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Paraphrasing without Plagiarizing. What does it mean to plagiarize? What does it mean to paraphrase? How do you paraphrase something without plagiarizing? Today we’re going to talk about how to paraphrase correctly. Plagiarizing.

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What does it mean to plagiarize?

  • What does it mean to paraphrase?
  • How do you paraphrase something without plagiarizing?
  • Today we’re going to talk about how to paraphrase correctly.
a paraphrase is

Your own version of important information and ideas expressed by someone else, presented in a new form.

  • One correct way (when accompanied by accurate documentation) to borrow from a source.
  • A more detailed restatement than a summary, which focuses concisely on a single main idea.
A paraphrase is…
paraphrasing is a valuable skill because

It is better than quoting information from a passage.

  • It helps you control the temptation to quote too much.
  • The mental process required for successful paraphrasing helps you to grasp the full meaning of the original.
Paraphrasing is a valuable skill because…
6 steps to effective paraphrasing

Reread the original passage until you understand its full meaning

  • Set the original aside, and write your paraphrase on a note card
  • Jot down a few words below your paraphrase to remind you later how to envision using this material. At the top of the note card, write a key word or phrase to indicate the subject of your paraphrase.
6 Steps to Effective Paraphrasing
6 steps to effective paraphrasing1

Check your version with the original to make sure that your version accurately expresses all the essential information in a new form.

  • Use quotation marks to identify any unique term or phraseology you have borrowed exactly from the source.
  • Record the source (including the page) on your note card so that you can credit it easily if you decide to incorporate the material into your paper.
6 Steps to Effective Paraphrasing
original passage

Students frequently overuse direct quotation in taking notes, and as a result they overuse quotations in the final paper. Probably only about 10% of your final paper should appear as directly quoted matter. Therefore, you should strive to limit the amount of exact transcribing of source materials while taking notes. Lester, James D. Writing Research Papers. 2nd ed. (1976)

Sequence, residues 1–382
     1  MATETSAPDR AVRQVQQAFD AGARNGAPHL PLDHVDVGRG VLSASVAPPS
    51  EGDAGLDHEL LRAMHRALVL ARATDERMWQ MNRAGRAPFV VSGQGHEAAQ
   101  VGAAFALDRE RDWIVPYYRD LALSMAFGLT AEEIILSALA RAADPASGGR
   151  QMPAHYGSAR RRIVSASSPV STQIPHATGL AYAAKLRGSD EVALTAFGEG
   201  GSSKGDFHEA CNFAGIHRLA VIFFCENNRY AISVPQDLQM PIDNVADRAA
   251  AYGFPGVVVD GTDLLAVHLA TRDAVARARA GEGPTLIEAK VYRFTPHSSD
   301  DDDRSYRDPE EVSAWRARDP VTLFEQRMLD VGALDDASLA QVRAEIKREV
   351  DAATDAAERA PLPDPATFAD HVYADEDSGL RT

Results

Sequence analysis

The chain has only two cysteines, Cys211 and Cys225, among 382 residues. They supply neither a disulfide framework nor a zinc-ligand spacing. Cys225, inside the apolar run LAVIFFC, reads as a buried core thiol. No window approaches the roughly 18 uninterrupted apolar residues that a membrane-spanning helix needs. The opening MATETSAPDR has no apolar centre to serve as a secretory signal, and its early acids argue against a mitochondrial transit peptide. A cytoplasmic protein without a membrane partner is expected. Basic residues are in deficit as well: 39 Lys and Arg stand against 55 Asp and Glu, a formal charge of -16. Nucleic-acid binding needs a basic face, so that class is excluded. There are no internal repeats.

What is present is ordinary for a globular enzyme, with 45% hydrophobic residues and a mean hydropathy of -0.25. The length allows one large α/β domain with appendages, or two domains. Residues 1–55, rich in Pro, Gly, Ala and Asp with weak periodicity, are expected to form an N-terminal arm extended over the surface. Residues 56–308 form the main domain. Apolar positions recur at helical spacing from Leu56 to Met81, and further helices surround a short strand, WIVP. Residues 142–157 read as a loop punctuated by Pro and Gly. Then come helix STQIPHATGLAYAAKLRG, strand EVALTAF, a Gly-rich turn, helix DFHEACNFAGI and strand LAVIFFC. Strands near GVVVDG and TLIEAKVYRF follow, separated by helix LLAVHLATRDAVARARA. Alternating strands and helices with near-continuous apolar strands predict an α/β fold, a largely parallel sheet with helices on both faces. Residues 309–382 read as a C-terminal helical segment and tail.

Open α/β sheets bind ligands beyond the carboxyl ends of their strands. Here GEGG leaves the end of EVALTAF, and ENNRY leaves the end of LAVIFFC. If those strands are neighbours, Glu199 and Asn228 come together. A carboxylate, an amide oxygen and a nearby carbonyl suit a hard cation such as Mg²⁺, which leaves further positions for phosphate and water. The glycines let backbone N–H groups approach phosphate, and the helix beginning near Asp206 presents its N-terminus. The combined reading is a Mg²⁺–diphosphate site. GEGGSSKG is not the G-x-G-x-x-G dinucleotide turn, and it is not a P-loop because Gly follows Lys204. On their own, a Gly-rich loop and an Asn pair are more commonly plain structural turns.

Original Passage
a legitimate paraphrase

In research papers students often quote excessively, failing to keep quoted material down to a desirable level. Since the problem usually originates during note taking, it is essential to minimize the material recorded verbatim (Lester 46-47).

A legitimate paraphrase:
an acceptable summary

Students should take just a few notes in direct quotation from sources to help minimize the amount of quoted material in a research paper (Lester 46-47).

An acceptable summary:
a plagiarized version

Students often use too many direct quotations when they take notes, resulting in too many of them in the final research paper. In fact, probably only about 10% of the final copy should consist of directly quoted material. So it is important to limit the amount of source material copied while taking notes.

A plagiarized version:

Guided practice

Let’s look at some examples of text and practice paraphrasing them together.


The twenties were the years when drinking was against the law, and the law was a bad joke because every knew of a local bar where liquor could be had. They were the years when organized crime ruled the cities, and the police seemed powerless to do anything against it. Classical music was forgotten while jazz spread throughout the land, and men like Bix Beiderbecke, Louis Armstrong, and Count Basie became the heroes of the young. The flapper was born in the twenties, and with her bobbed hair and short skirts, she symbolized, perhaps more than anyone or anything else, America’s break with the past. From Kathleen Yancey, English 102 Supplemental Guide (1989): 25.


Of the more than 1000 bicycling deaths each year, three-fourths are caused by head injuries. Half of those killed are school-age children. One study concluded that wearing a bike helmet can reduce the risk of head injury by 85 percent. In an accident, a bike helmet absorbs the shock and cushions the head. From “Bike Helmets: Unused Lifesavers,” Consumer Reports (May 1990): 348.